Cambodia lost 4% year-on-year from dry rubber exports despite an increase in shipments. The Khmer nation reportedly increased 15% of exportation of dry rubber amounting to 217,500 tonnes, However, because the price of the commodity fell to US$1,319 per tonne and due to several production costs in the country, Cambodia earned a revenue drop of less than US$287 million in 2018.
Director general of the General Directorate of Rubber, Pol Sophia says that out of the 436,682 of rubber plantations in the country, 201,949 were harvested in 2018 and about 217,500 were exported mostly to China, Malaysia, Singapore and Vietnam.
On the other hand, to help this revenue loss, the Agriculture Minister Veng Sakhon proposed to reduce taxes on rubber exports to attract more investors. He said that the proposal includes a tax exemption on shipments valued at less than US$ 2,000 per tonne. It also aims to appease players in the rubber industry who demanded tax reduction to lessen production costs.
Vice-president of An Mady Group, a firm owning rubber plantations, Lim Heng, expressed a go ahead on the proposal.
“If approved, this proposal will help the rubber sector a lot by reducing production costs. Right now, we are working with very small profit margins,”
“Revising taxes on rubber exports will help companies in the sector survive,” he said.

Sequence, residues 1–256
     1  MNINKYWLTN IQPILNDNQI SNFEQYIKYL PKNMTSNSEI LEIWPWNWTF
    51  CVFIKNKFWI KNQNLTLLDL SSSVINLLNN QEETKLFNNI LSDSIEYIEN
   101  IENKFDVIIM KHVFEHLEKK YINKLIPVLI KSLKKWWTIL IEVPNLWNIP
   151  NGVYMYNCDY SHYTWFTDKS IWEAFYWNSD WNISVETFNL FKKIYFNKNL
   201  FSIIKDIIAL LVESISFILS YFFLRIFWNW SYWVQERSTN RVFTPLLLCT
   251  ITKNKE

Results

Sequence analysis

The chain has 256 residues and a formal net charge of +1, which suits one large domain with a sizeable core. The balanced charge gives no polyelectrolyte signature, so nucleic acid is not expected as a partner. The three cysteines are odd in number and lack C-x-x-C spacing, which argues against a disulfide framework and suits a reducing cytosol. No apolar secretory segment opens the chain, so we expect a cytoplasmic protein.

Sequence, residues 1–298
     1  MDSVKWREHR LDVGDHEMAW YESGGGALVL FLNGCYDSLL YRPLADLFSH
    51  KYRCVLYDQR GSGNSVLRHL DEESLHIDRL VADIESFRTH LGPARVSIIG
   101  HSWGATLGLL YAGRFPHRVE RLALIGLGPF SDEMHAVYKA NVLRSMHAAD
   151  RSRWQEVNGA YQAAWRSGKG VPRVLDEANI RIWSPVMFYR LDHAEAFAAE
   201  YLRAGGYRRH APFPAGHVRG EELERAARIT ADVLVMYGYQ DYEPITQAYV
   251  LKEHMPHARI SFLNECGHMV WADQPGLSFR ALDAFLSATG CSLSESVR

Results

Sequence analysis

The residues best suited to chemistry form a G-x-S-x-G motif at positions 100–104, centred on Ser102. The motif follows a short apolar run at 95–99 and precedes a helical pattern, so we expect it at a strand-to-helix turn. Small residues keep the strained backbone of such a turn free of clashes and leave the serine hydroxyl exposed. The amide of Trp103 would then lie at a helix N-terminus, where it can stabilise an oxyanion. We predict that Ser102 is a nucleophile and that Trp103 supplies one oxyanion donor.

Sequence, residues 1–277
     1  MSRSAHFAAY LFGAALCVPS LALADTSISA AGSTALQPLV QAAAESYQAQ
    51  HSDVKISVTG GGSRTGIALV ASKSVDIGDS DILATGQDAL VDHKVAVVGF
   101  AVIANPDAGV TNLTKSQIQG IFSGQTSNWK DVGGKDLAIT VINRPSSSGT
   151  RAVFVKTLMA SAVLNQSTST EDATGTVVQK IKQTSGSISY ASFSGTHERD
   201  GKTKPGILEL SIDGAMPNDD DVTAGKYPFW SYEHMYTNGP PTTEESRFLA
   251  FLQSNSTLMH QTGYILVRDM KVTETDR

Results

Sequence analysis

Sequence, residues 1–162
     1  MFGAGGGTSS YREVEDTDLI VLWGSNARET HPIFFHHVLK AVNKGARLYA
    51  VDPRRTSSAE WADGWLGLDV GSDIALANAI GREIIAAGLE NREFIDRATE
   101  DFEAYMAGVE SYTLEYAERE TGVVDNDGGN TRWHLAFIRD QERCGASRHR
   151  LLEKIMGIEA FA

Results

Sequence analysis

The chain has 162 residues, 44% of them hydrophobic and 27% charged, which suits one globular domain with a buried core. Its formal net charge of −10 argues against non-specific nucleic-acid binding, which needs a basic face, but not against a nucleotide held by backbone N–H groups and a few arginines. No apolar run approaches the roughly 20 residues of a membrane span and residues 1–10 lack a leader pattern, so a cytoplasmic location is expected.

The government now levies $50 in tax duty per tonne of rubber exported if it is priced between $1,000 and $2,000 per tonne. $100 is charged if the value exceeds $2,000 per tonne. Shipments of rubber valued at less than $1,000 per tonne are not taxed.
The said proposal will be submitted to Prime Minister Hun Sen in the near future.
In an another effort to reduce costs for businesses and make the country’s products more competitive, the government also announced the elimination of several district-level agencies especially the Kampuchea Shipping Agency and Brokers, also known as Kamsab. The abolition of Kamsab, an agency of the Ministry of Public Works and Transport, will cut down expenses and red tape traders.
Prime minister Hun Sen said, “Kamsab is responsible for a loss of around $500,000 per year for Cambodians. Removing it will make our economy more competitive and facilitate trade,”
“This type of reform will help our national economy grow more efficiently,” he added.
The Cambodian government vowed to adopt a new strategy to boost economic self-reliance by reducing costs for businesses and help different sectors including the rubber industry.